Providing flexible working arrangements will promote equality of opportunity for many employees, especially for women, and will reduce the risk that disability discrimination and indirect forms of discrimination might arise. It is good practice to consider how you will provide flexible working arrangements when determining how a job will be performed and in developing the corresponding job description - see the employers guide to Flexible Working - The Law and Good Practice (pdf)
Some job-seekers and employees may have disabilities. When considering how a particular job will be performed and when developing the corresponding job description, you should consider whether your proposed job performance method may result in some classes of disabled persons being unable to perform the job in question, or whether they will only be able to do it with difficulty. If this outcome appears likely, then you should consider whether there are alternative ways to perform the job.
If it would be reasonable to make arrangements for the job to be performed in these alternative ways, then you should make them. For example, deaf or hearing-impaired job seekers may be able to use a work telephone modified with an amplifier or text telephone. By taking such considerations into account during the process of developing jobs and their corresponding job descriptions, and by making any relevant adjustments or arrangements at the early developmental stage, you will promote equality of opportunity for disabled job-seekers, and will reduce the potential that disability discrimination might arise later.
Recruiting People With Disabilities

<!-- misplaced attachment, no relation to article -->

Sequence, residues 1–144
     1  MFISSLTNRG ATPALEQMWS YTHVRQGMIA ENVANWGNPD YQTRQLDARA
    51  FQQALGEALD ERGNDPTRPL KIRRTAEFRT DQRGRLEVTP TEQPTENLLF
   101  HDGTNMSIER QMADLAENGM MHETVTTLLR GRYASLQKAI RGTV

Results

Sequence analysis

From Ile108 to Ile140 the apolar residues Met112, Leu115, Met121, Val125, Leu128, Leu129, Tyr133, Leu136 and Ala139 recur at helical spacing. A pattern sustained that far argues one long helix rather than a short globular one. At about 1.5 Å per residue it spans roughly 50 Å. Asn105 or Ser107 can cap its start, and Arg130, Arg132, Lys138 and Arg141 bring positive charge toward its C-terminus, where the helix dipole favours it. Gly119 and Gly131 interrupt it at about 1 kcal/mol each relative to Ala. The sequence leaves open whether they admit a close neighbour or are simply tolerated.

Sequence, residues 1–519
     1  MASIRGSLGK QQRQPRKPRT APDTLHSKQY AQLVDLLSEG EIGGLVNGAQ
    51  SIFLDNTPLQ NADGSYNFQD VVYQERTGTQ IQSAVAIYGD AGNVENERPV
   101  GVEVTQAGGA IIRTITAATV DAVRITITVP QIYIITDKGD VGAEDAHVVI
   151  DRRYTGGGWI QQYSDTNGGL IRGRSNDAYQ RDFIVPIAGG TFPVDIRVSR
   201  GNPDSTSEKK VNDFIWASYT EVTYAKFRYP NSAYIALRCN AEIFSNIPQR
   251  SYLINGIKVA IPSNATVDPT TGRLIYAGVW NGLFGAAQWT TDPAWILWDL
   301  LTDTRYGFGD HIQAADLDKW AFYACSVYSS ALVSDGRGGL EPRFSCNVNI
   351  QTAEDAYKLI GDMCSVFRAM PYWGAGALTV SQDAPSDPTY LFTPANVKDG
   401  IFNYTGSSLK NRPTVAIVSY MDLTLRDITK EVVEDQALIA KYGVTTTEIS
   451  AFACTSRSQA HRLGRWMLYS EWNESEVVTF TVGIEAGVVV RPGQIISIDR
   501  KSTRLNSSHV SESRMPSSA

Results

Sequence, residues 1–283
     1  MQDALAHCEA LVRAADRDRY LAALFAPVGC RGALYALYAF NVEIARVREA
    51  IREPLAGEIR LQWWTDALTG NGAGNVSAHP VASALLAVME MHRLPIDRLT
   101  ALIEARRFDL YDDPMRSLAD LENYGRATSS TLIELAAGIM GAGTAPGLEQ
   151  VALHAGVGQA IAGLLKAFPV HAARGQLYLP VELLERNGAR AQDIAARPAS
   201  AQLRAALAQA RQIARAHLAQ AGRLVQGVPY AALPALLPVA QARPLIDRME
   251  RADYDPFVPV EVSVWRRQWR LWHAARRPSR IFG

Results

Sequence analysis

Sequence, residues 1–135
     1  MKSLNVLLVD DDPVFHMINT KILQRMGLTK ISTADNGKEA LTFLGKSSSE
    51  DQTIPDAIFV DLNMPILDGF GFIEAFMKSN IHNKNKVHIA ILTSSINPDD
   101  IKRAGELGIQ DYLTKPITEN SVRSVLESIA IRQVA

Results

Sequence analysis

We have produced new guidance on recruiting people with disabilities. This includes useful information about the reasonable adjustment duty, good practice and taking positive action. Read our guidance
The law allows employers in some exceptional circumstances to specify that a job may only be carried out by a person who has a specific characteristic, for example, if they are a particular sex, religion or race. For example, a healthcare trust may be allowed to specify that a nursing job in a women-only hospital ward must be held by a woman.
If a genuine occupational requirement applies to a job in your organisation, draft this in the job description. However, you must ensure that certain legal conditions are satisfied. If you do not do this, then you will place yourself at a greater risk of committing an act of unlawful discrimination. Think very carefully before proceeding and contact the Equality Commission for advice.
When drafting job descriptions, use language that is clear, simple and non-discriminatory.
Do not use job titles which have a distinctly male or female connotation. Instead, use job titles that are gender neutral, if possible. For example:
Waiting Staff instead of Waiter or Waitress
Sales Assistant/Person instead of Salesman or Salesgirl
Stores Person instead of Storeman
Do not use job titles which have an age-related connotation. The words ‘junior’ and ‘senior’ when used in job titles do not usually have an age-related connotation and are generally acceptable. However, there may be exceptions. For example, the job title of ‘Office Junior’ has an age-related connotation as this could reasonably indicate that an employer intends to fill the post with a recent school leaver, or another young person. It would be better to use an alternative job title such as ‘Office Clerk’ or ‘Administrative Assistant’.
Review job documentation periodically, or before starting each fresh recruitment exercise to ensure that they continue to remain relevant to the jobs in question.
In conducting these reviews, you should seek to promote equality of opportunity by taking account of technical or other developments that affect the way the jobs may be performed. Also consider legal developments affecting employee rights or which expand the scope of anti-discrimination law and allow for organisational changes, flexible working arrangements and reasonable adjustments.